- The Washington Times - Thursday, January 2, 2020

Sen. Bernard Sanders of Vermont raised $34.5 million over the last three months, showing his financial strength roughly a month out from the first contest in the 2020 Democratic nomination race for president.

After bringing in $25.3 million in the third quarter, Mr. Sanders again paced the 2020 Democratic field in the money race and easily out-raised more moderate rivals like former Vice President Joseph R. Biden and Pete Buttigieg, former mayor of South Bend, Indiana.

Mr. Sanders’ team said the latest haul, which included 40,000 new donors, is evidence that “people power” is on their side headed toward the Feb. 3 Iowa caucuses.

“We felt strongly that as we headed into the fourth quarter, people would start to come back home to Bernie Sanders,” Sanders campaign manager Faiz Shakir said on CNN. “Because they would see in him both the candidate who’s best-positioned to defeat Donald Trump, but also the candidate who they trust to make that change happen that they so desperately want.”

The campaign said he raised more than $18 million in December, marking its best single month of the campaign.

“It was a surprisingly large number,” said Neil Sroka, a spokesman for the liberal group Democracy for America. “I think everyone was fairly confident that he was going to do better than he did in previous cycles, but when I saw the number this morning it was kind of a ‘wow’ moment.”

Mr. Sanders is well ahead of other 2020 Democratic contenders who announced their end-of-year money totals this week.

Mr. Biden’s team said on Thursday that he brought in $22.7 million — his best quarter to date and up from $15.7 million over the previous three months.

Mr. Buttigieg raised close to $25 million last quarter, which was an increase from the $19.2 million he raised in July, August, and September.

Tech entrepreneur Andrew Yang raised more than $16.5 million, up from about $10 million in the third quarter. Rep. Tulsi Gabbard of Hawaii pulled in $3.4 million, up from about $3 million in the previous quarter.

Mr. Sanders has sworn off support from major corporations and super PACs — a strategy Mr. Shakir said would carry over to a potential general election match-up against President Trump.

“We will hold firm. We will not change a damn thing. It is working,” he said. “We’re not going to go into a general election suddenly claiming that we’re going to need money from millionaires and billionaires. We don’t need that money.”

For its part, Mr. Trump’s re-election campaign announced Thursday that it raised $46 million in the fourth quarter and finished the year with $102.7 million on hand.

The 2020 Democratic candidates who disclosed their most recent hauls did not say how much money they had on hand. That data point will provide a clearer picture on which campaigns are built to last for a months-long sprint toward the nomination.

Mr. Sanders is currently in second place in Iowa behind Mr. Buttigieg and is leading in New Hampshire, according to the latest averages from Real Clear Politics.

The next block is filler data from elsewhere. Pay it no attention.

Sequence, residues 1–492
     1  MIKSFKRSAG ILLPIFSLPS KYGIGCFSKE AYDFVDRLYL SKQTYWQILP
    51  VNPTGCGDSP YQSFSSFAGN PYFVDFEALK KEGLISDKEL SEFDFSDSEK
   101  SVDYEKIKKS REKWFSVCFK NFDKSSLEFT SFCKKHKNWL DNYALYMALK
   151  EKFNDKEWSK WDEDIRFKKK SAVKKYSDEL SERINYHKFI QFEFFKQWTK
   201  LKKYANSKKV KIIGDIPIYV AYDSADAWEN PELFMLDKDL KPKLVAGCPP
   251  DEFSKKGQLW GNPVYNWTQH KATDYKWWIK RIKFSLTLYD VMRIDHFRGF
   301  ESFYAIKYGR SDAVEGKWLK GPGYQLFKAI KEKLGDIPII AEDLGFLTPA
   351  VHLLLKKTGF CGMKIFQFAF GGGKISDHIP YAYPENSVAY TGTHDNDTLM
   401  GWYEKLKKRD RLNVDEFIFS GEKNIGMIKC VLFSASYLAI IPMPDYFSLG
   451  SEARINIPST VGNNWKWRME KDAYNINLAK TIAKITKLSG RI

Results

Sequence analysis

“I think everyone sold him short in 2016,” said Mr. Sroka, whose group endorsed Mr. Sanders in the 2016 Democratic presidential primary contest. “People made a real mistake counting him out throughout 2019, and I think going into 2020 it’s impossible to count him out.”

Unlike the 2016 campaign, though, Mr. Sanders now has a bona fide liberal rival in Sen. Elizabeth Warren of Massachusetts competing with him for support from the far left.

But Ms. Warren said in a fundraising pitch on Monday that she had raised about $17 million in the fourth quarter, meaning she could well fall short of the $24.6 million total she posted in the third quarter.

The Massachusetts Democrat has also slipped in some recent polling as she struggles to explain her health care plan, after saying earlier in the campaign that she was with Mr. Sanders on “Medicare for All.”

Mr. Sanders has bounced back from a heart attack he suffered three months ago, an incident that led some to speculate that the health scare could effectively spell the end for the campaign of the 78-year-old.

Earlier this week, his campaign released notes from several doctors attesting to Mr. Sanders’ overall health.

“You are in good health currently and you have been engaging vigorously in the rigors of your campaign, travel, and other scheduled activities without any limitation,” said Dr. Brian P. Monahan, Mr. Sanders’ primary doctor.

Mr. Sanders is easily outpacing other candidates who have tried to pitch their ideas as more realistic alternatives to his far-left vision for the country.

Sen. Michael Bennet of Colorado on Thursday rolled out a $6 trillion set of health, education and tax proposals as his answer to Mr. Sanders, saying Democrats shouldn’t spend the next 10 years fighting a “losing battle” on Medicare for All.

“The choice we face in this primary is between unrealistic promises that will only breed further cynicism in our politics and building political momentum to achieve actual progress for people who need it,” Mr. Bennet said.

But Mr. Bennet, who said this week he’s shooting for a top-three finish in New Hampshire, hasn’t qualified for any of the recent debates and is struggling to attract attention for his campaign.

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